How to Negotiate with an Insurance Company
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Following an accident in which you were injured — for instance, a car accident or a slip and fall — it may be necessary to file a claim with an insurance company. Although filing a claim may provide you with an opportunity to seek compensation for your injuries, the claim filing process is often regarded as being notoriously frustrating. Dealing with insurance companies and claims adjusters can be intimidating, particularly for people who are unfamiliar with the claim filing process.
What is an Insurance Claims Adjuster?
After filing a claim with an insurance company, the claim will be assigned to an insurance claims adjuster. The adjuster is responsible for carrying out a majority of the work required to process your claim. Thus, it is the adjuster’s job to make contact and communicate with you throughout the claim filing and claim settlement process. In other words, the claims adjuster is the person you will be dealing with in resolving your claim.
In most cases, the adjuster’s first task will be to determine whether your loss or injuries are covered by your policy or the at-fault party’s policy. If coverage is found, the adjuster will proceed to investigate the details of your claim. This investigation phase of the claim filing process can take some time, and will likely involve the adjuster taking steps such as:
- Conducting interviews with the parties involved in the accident;
- Interviewing witnesses or bystanders to the accident;
- Inspecting the injuries or damaged property;
- Reviewing medical records;
- Taking photographs, and
- Gathering other important information and evidence.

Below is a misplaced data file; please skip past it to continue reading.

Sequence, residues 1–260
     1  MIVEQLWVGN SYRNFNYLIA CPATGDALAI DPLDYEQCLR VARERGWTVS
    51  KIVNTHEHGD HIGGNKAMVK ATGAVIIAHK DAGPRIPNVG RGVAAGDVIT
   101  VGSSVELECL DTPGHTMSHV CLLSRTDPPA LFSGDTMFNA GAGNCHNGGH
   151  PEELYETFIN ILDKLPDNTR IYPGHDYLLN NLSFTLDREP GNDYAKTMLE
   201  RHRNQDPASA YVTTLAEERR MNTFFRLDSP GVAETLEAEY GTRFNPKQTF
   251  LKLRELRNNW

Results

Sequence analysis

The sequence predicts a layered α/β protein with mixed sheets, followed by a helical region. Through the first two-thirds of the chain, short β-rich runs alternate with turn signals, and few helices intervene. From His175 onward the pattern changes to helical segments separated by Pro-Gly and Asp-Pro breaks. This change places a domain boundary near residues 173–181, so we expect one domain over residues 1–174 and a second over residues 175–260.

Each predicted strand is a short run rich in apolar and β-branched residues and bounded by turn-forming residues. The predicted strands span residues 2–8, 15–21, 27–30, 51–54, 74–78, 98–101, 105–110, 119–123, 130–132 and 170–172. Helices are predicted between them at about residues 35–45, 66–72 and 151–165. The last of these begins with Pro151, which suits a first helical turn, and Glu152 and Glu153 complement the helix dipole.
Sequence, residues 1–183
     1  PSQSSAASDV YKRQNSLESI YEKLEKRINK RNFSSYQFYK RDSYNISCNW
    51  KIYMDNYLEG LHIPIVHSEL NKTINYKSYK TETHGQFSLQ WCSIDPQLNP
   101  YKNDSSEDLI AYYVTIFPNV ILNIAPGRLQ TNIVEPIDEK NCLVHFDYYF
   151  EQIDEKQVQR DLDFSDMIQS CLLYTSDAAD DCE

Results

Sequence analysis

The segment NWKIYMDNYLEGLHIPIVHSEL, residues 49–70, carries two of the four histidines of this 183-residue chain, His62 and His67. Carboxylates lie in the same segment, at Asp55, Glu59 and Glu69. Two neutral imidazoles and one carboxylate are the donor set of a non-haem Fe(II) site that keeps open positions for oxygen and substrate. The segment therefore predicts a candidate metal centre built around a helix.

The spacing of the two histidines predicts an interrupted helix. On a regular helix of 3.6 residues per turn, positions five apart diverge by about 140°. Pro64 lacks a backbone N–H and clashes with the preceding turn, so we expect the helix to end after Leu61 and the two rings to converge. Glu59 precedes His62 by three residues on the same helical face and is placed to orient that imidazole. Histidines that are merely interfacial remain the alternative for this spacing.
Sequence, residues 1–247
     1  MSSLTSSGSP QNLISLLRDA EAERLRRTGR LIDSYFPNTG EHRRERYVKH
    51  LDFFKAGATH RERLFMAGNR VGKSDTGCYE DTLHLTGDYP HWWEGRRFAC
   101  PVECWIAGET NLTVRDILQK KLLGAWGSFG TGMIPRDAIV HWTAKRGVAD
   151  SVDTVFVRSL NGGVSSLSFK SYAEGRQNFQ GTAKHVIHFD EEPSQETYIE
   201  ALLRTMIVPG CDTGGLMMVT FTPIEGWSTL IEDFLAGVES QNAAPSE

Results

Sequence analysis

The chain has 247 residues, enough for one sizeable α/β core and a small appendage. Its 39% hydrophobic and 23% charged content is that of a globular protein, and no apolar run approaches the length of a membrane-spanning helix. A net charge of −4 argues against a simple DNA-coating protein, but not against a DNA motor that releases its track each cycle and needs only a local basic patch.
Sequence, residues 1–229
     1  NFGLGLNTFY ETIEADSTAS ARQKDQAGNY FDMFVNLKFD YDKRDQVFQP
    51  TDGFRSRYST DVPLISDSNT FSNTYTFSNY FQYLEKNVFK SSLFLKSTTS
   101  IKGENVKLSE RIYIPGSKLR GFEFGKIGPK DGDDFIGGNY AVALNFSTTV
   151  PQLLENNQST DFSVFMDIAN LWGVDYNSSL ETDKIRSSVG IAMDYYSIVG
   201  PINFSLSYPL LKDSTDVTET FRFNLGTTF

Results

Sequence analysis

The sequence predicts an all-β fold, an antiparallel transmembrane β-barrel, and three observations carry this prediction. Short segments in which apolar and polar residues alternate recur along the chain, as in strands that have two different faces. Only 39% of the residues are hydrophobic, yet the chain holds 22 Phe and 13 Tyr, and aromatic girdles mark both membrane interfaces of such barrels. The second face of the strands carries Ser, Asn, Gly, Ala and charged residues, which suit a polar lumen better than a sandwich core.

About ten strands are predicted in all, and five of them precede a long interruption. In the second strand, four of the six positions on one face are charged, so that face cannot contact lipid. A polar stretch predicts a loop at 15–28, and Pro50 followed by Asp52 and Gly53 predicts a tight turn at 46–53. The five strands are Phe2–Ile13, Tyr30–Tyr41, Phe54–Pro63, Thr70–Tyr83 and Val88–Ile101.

After the adjuster is done investigating the accident, he or she will likely draft a damage report. The damage report will consist of a detailed breakdown of the financial aspect of the accident, including the total losses incurred as a result of the accident. However, because the damage report is often created using specialized software, the data may overlook some important aspects of your claim, such as the emotional impact that your injuries have had on you. The adjuster will then use the information produced in the damage report to begin the claim settlement and negotiation process.
It is important to keep in mind that many adjusters are responsible for representing the best interests of the insurance company which employs them, not yours. This means that adjusters will often try to hastily settle claims without paying a dollar more than is necessary. In order to accomplish this, the adjuster may find ways to lessen the value of your claim. For instance, the adjuster may ask you questions which are craftily phrased in order to induce you to admit fault for all or some of the accident. The adjuster may also propose a low settlement offer, hoping that your need for money outweighs your willingness to negotiate.
What to Expect in Negotiation
Based on the information contained in the adjuster’s damage report, the adjuster will propose an initial settlement offer. It is often the case that the initial settlement offer is lower than what the claimant was anticipating or hoping for. However, it is important to remember that the settlement offer can be negotiated.
The claim negotiation process consists of back-and-forth communication between you and the insurance company’s claims adjuster. The goal of the negotiation process is to convince the claims adjuster that your claim is worth more than what his or her damage report says it is. Although this process may be frustrating, there are several important steps that you can take to facilitate the efficiency of the settlement:
Establish a Minimum Settlement Amount
One of the most important parts of the claim settlement process is understanding what your claim is actually worth. Knowing the value of your claim may allow you to negotiate more effectively. You can estimate the value of your claim by considering important factors such as:
- The cost of your medical bills;
- The cost of your damaged property;
- The amount of lost wages; and
- Other miscellaneous expenses.
Determining the actual or approximate value of your claim can place you in a position to effectively negotiate your claim. You should not hesitate to reject the adjuster’s proposed settlement offer if the settlement amount is substantially lower than your estimate.
Emphasize and Reemphasize the Severity of the Accident and Your Injuries